We’ve always known that bees are incredibly important to the Earth, its environments and populations, but it feels like only recently the issue of bee endangerment has been highlighted more and more in mainstream media. For every local or governmental effort to promote bee conservation, there’s a prominent brand or figure like Tyler, The Creator’s Golf Wang clothing line spruiking t-shirts with ‘Save the Bees’ slogans. Bee Simulator, from Polish developer VARSAV Game Studios, takes the message to a slightly different medium – video games – in an open-world adventure starring a little honey bee whose tree-hollow hive is in danger of being cut down by greedy humans.
There’s something oddly magical about playing a game at insect scale. It’s not done often enough either, with the most memorable examples I can think of being games like Mister Mosquito, A Bug’s Life and Sim Ant. In Bee Simulator, your teeny-tiny avatar is a honey bee (whose default name is Beescuit but I quickly changed to Beeanu Beeves) fed up with her lot in life and wanting to take on a greater role in helping save her colony. Is it just me or does almost all insect-related fiction follow the same tropes? Anyway, over the course of the story Beeanu will roam the greater surrounds of her home in a giant park, collecting pollen for the winter and eventually achieving her dream of become greater than she was meant to bee.
This wouldn’t be a Bee Simulator if the bulk of the game didn’t involve flying around the great outdoors collecting pollen from flowers and bringing it back to the hive. Luckily, that’s what the game does best. Flying is simple and feels great – being a bee means that, unlike other games about flying, you’re not subject to a need for continued momentum. Your bee comes to a hovering stop as soon as you let up on the analog stick, and you can easily ascend or descend with the controller’s triggers. Flying around in the open is a cinch; the only time it occasionally comes apart is when trying to fly though cramped spaces at top speeds, but thankfully that doesn’t happen too often. There’s obviously an element of challenge to the game and all of the different gameplay elements it contains, but Bee Simulator is at its best when you’re buzzing through the park at a leisurely pace, watching humans and animals go about their days and munching on the occasional unattended cupcake on a picnic rug. Or stinging kids on their faces. Side note: despite being a honey bee you won’t die from stinging people, so go for broke!
When you’re not busy collecting pollen, you’ll be engaging in a number of other activities either as part of the game’s main story or its litany of side challenges. The most common of these are chase sequences, where you’ll attempt to keep up with or catch another insect by flying through rings. Like the rest of the flying bits, this is at its best in open spaces, but can quickly become frustrating when trying to navigate tight spaces at the speeds required. Anyone who’s ever played one of these ‘flying ring’ type scenarios in other games will immediately understand.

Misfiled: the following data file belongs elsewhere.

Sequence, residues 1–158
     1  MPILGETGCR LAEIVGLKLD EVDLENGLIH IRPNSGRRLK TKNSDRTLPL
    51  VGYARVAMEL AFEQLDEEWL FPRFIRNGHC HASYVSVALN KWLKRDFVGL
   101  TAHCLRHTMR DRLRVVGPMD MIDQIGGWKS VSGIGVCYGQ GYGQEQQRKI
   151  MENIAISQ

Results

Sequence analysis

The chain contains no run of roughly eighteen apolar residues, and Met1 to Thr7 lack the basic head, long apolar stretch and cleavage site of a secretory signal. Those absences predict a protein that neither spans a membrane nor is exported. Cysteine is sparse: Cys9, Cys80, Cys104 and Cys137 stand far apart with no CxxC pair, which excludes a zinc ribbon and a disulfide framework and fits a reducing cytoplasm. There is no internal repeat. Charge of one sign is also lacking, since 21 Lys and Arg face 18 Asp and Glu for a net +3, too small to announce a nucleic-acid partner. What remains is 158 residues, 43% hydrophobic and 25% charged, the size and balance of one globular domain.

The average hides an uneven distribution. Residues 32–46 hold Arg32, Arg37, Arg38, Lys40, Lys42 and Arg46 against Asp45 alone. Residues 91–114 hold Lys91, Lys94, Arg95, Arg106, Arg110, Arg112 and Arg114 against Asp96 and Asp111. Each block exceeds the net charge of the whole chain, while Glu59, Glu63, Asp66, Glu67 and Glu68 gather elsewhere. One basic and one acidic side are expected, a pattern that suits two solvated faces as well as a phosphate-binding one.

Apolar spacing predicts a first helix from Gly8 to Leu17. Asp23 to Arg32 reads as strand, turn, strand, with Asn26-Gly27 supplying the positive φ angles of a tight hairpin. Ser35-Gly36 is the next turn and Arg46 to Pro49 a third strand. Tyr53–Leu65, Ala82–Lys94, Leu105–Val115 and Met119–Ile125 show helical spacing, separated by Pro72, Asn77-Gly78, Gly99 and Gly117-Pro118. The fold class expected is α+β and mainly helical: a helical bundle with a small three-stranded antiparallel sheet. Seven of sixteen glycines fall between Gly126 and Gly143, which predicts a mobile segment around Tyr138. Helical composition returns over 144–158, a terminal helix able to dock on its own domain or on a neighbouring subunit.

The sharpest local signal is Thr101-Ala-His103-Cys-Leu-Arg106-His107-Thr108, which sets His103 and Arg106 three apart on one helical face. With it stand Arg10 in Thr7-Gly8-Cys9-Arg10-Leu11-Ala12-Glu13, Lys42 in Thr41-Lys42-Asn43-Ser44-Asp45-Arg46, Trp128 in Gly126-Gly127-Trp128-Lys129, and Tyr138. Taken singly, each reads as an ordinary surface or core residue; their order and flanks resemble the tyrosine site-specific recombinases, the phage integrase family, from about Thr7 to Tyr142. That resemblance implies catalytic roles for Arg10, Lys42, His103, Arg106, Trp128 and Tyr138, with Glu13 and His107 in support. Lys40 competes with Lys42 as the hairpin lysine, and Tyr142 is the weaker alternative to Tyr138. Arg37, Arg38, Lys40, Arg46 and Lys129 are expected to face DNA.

There’s also a bit of insect combat – your bee loves to pick fights it seems – and though it’s fairly basic, I found one aspect quite interesting. Bee Simulator has two difficulty options, Easy and Hard, and for the most part these just seem to affect things like the amount of pollen available or time limits in challenges. When it comes to the combat though, your choice of difficulty actually changes the fundamental mechanics. Playing on Hard, insect battles occur in real time and require paying careful attention to visual indicators and pressing the appropriate buttons at the right moment. On Easy however, combat becomes a turn-based affair where the correct sequence of buttons is shown on screen (not unlike a rhythm game) and a clash plays out after the fact. I didn’t mind the combat in Hard mode, but the slowed-down version definitely feels more in line with the easy-going vibe of the rest of the game. Luckily you’re able to change difficulty at any time without penalty, so it’s easy to tailor each challenge to your personal preference.
One of Bee Simulator’s biggest strengths is also one of its weaknesses – there’s a ton of cool bonus stuff to unlock, from skins and costumes for your bee, to a library of detailed 3D insect models and a glossary of interesting facts – but to unlock it all you’ll need to play a lot of the game beyond its two-to-three hour main story. It’s far from a bad thing that there’s a sizeable world to explore that’s full of stuff to do and find but it is, by nature, a lot of busy (bee) work. Thank God for fast travel too, because as relaxing as it is to gently float around the place, trying to get somewhere with a purpose can be tedious.
At the risk of repeating myself, that really is the appeal of Bee Simulator. Traipsing around familiar environments from such a unique scale really is a joy that more games should offer. Even with its relatively low-detail assets and simple effects, the game can often look quite beautiful; the inside of the main hive is especially impressive, and the insect animations and models are actually pretty cool. There’s definitely no mistaking this for a AAA product, but the love and care put into it is clear and more than makes up for the somewhat amateur-ish spots in the presentation. Special mention has to go to the animated, motion-comic style cutscenes for their seriously great art.
I’m deathly allergic to bees and yet after having played Bee Simulator I would do absolutely anything for the little guys. This is a game made by a small team on a small budget and it shows; but there’s an undeniably wholesome and endearing experience here that is better than the sum of its parts.
Reviewed on PlayStation 4 Pro // Review code supplied by publisher